Yingli solidifies dominance in global solar module market
Yingli shipped 1,450 MW worth of solar modules in the first half of 2013, which is up 7% from the same period in 2012 as the company remains the driving force in the PV module business.
Yingli in the first half of 2013 rode the wave of solar growth in its home market in China to retain the dominant position in the global business for photovoltaic (PV) modules.
The company shipped 1,450 MW worth of solar modules to the merchant market in the first two quarters of this year, giving Yingli an 8.1% share of the market, according to a new report entitled “IHS Solar PV Integrated Market Tracker – Q3 2013” from IHS Inc. Yingli’s share was up from 7.3% during the first six months of 2012.
In all, company shipments in the first half of 2013 surged by 29.9% compared 1,110 MW during the same period in 2012.
“Yingli in the first half of 2013 benefited from strong growth in demand in China,” said Jessica Jin, solar analyst at IHS. “China already accounts for almost one-third of the company’s business, and its importance will increase further in the second half and beyond.”
Yingli’s total revenue was 39% higher than that of No. 2 module supplier Trina Solar. This represents an increase from Yingli’s lead in the first half of 2012 of 27% over then No. 2 player First Solar.
The attached table presents the Top 10 PV module suppliers for the first half of 2013, ranked by merchant shipments. Processing services and original equipment manufacturer shipments are not included.
Japan a rising sun in the solar market
The PV module supplier ranking reflects the shift of global solar demand to Asia. China and Japan are the two fastest-growing markets for PV modules this year, and companies that have a strong presence in those countries increased their sales by the largest margins in the first half.
No. 4-ranked Sharp of Japan saw its market share go up to 4.5%, up from 2.7% in the first half of 2012. Kyocera, the second-largest Japanese module supplier, managed to increase its share to 3.6%, up from 2.1% during the first six months of last year.
Japan’s third-biggest player, Solar Frontier, also is on the rise. The company climbed to 11th place, up from 14th place during the same period in 2012, propelled by a 68% surge in revenue.
China’s PV tigers
In addition to Yingli, China’s Jinko Solar is growing fast. The company achieved a market share of 3.7% in the first half of 2013, up from 1.9% a year ago. Jinko benefited from its downstream focus with a strong project pipeline and remarkably low production costs.
The fastest-growing module supplier of the first half of the year was Renesola, another leading Chinese company. Compared to the first half of last year, the company’s merchant shipments more than tripled in the first six months of 2013.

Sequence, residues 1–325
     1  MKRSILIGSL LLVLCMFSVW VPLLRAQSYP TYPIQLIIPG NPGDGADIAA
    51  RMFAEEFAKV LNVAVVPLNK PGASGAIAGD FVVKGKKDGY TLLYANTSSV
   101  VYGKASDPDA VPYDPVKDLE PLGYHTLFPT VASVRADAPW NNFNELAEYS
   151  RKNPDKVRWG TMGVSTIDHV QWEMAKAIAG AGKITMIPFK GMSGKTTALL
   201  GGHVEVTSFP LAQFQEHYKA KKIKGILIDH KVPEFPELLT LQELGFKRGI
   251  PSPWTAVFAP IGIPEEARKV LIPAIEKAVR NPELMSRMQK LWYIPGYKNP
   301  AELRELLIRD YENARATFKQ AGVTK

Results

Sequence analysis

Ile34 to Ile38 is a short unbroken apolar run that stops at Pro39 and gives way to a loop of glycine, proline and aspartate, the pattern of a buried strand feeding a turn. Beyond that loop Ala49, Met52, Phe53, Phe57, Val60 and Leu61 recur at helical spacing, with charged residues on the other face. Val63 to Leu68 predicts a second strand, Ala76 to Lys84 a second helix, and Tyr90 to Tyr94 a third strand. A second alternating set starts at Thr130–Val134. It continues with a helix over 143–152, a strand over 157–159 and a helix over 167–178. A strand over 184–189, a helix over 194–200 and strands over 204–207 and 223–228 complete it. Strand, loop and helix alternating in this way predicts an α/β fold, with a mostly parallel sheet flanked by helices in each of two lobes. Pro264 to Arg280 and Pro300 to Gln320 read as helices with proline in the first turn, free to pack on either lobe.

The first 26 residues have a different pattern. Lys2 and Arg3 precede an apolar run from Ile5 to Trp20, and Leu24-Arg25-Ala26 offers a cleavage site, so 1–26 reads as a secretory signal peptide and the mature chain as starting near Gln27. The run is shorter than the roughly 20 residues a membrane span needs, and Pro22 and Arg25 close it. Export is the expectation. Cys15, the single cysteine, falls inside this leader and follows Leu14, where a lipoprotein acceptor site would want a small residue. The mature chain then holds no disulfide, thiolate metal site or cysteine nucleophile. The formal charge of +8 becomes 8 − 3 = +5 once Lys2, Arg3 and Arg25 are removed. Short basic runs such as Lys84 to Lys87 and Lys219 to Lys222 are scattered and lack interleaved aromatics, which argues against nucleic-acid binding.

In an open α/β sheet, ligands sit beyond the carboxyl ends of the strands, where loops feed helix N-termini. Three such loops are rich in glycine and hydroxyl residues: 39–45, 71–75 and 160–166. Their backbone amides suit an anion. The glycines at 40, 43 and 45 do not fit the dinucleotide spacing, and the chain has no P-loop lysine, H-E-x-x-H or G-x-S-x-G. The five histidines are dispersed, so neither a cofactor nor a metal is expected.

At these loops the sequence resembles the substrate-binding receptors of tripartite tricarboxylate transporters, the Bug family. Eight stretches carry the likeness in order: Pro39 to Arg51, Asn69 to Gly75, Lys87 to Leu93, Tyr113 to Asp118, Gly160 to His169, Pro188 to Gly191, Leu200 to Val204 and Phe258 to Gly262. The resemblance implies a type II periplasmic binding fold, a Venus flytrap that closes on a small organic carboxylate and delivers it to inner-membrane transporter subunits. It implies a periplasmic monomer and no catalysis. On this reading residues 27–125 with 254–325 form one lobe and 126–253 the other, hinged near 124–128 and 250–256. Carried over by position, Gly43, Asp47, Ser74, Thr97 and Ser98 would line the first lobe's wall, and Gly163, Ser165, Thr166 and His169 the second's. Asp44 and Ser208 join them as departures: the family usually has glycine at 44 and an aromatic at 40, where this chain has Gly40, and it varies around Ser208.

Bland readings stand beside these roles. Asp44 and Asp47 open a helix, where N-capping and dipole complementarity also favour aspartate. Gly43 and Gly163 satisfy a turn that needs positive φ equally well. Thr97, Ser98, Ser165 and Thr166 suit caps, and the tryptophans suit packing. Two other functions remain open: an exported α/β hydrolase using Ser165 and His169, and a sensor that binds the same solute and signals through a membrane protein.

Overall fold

“Renesola is sold out for 2013 and is already preselling its 2014 production,” Jin noted.
A mixed bag for Western suppliers
While U.S.-based First Solar’s installation business is thriving, its module sales are suffering. Third-ranked First Solar struggled with a weak second quarter, causing its first-half market share to decline to 5.0%, down from 5.7% one year earlier.
SunPower, the other leading U.S. supplier, grew slightly slower than the industry average. The ninth-ranked company’s merchant shipments increased by 14% in the first half of 2013—compared to 17% for the overall module business.
REC, the only Top 10 module supplier of 2012 headquartered in Europe, kept merchant shipments stable at about 410 MW in the first half of the year. Despite slipping to No. 13, down from No. 9 in 2012, the company remains by far the leading European module supplier.
PV market recharges in 2013
Also in the second quarter, the solar polysilicon-to-module supply chain benefited from a boost in demand.
Global solar installations rose to 8.5 GW, up 20 percent from 7.1 GW in the first quarter. As a result, industry-wide factory utilization, production, shipments and revenue increased substantially compared to the rather sluggish first quarter.
“Propelled by growing shipments, global module revenues rose to $7.2 billion in the second quarter, up from $6.2 billion in the first quarter, said Stefan de Haan, principal analyst for solar at IHS. “This is the highest revenue since the fourth quarter of 2011 and even exceeded the IHS prediction of $7.0 billion. As we had anticipated at the end of last year, the second quarter of 2013 marked the turnaround of global module markets.”
Thanks to robust end markets and slightly increasing prices, margins improved remarkably in the second quarter. Several leading module producers reported double-digit gross margins. Jinko even achieved a net profit for the first time since the third quarter of 2011.
IHS is reiterating its forecast that other module manufacturers also will return to profitability during the course of 2013.
The high production, shipment, and revenue levels reached in the second quarter can be maintained for the rest of 2013, but continued strong expansion appears unlikely. Growth will be flat in the third quarter, after which global PV markets will see a moderate upward movement in the fourth quarter.